I work almost exclusively with lime plaster. My favorite is Natural Hydraulic Lime from St. Astier (www.limes.us). I teach people all the time about proper plastering techniques and one detail that often comes as a surprise is the amount of water that is needed to complete a good plastering job. The obvious water is that which is used in the mix; however, that is only a minor slice of the pie when it comes to the necessary water, especially if you live in a hot/dry climate.
Follow these steps to make sure you have the best plaster job available. Be sure to protect your walls from wind, rain, and direct sun by hanging tarps. There’s more to that, but the scope of this blog post is about water, so let’s address that directly.
- Wet the straw bales before you plaster. This freaks a lot of people out during my workshops. They hear over and over again how important it is to keep the bales dry and then I spray them (the bales, not the people…okay, sometimes I spray them too!) with a hose before we plaster. It is an important step to take and without it, your plaster won’t properly bond to the bales. It takes quite a bit of water too. You want the bales damp, not running with water, nor slightly misted. We are looking for damp.
- Make sure to mist the walls for at least three days after both the scratch (first) coat and brown (second) coat. This helps to slow the curing process down and strengthen the plaster. The added water allows the lime crystals to grow at a slow and steady pace while still having a ductile sub straight to move through. I use a gentle mist the first day (as soon as the wall starts to look dry) and then increase the amount of water I use each time. If you add too much water too soon, you can wash the lime off the wall. Be careful, but remember that the goal is to keep the wall damp, once again.
- Soak the walls between coats. There is a 10 day cure period between plaster coats when working with lime. The requirement for keeping walls damp is only 3 days, so the last week will likely see the walls dried out. If you add the next coat of plaster to these dry walls, your plaster will not adhere properly as the dry coat will suck all of the moisture out of the fresh coat. To avoid this, be sure to completely wet your walls the night before you plaster. This takes a lot of water. You will know when you are done when you can spray the top of the wall and the water actually runs all the way to the bottom of the wall. If it doesn’t make it down, the wall is still too dry.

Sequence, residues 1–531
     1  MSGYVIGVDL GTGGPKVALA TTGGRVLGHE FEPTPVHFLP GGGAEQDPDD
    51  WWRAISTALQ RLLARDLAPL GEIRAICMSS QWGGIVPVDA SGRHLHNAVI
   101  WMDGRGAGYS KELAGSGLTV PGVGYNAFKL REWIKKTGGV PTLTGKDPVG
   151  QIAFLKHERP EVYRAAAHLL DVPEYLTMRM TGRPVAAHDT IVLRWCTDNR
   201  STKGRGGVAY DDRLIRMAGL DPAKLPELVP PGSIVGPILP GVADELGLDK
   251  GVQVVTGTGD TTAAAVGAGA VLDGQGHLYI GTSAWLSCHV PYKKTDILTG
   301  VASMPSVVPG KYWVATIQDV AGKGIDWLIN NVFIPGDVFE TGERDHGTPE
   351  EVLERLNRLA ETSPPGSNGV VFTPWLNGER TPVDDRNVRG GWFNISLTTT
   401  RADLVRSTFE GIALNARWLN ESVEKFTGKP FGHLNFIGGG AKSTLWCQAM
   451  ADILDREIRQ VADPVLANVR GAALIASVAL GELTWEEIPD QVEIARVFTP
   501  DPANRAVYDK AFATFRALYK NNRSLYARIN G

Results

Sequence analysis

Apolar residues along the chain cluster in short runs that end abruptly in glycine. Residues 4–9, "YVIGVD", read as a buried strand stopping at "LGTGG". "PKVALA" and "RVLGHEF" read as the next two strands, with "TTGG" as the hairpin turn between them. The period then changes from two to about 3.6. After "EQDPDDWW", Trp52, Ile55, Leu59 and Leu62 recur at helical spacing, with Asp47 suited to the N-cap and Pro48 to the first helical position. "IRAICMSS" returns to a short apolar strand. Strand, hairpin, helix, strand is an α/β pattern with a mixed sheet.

- Spray the wall again the morning of your plaster job. You want the walls to be damp, but not running with water.
- Repeat steps 2-4 for both the scratch and brown coats. When you get to the finish coat, everything is still the same except that you don’t mist the walls AFTER you plaster. It is crucial that you soak the walls prior to plastering as outlined above.
There is far more water used in the preparation and curing process than in the mix itself. If you have a limited water supply, be sure to account for this extra water requirement.
About the Author
Andrew Morison is a specialist in straw bale and green construction. He has shown thousands of people how to build their own straw bale projects through his comprehensive series of instructional straw bale, concrete foundation, and plastering DVDs, as well as his hands on workshops. You can check these out at www.StrawBale.com/store.
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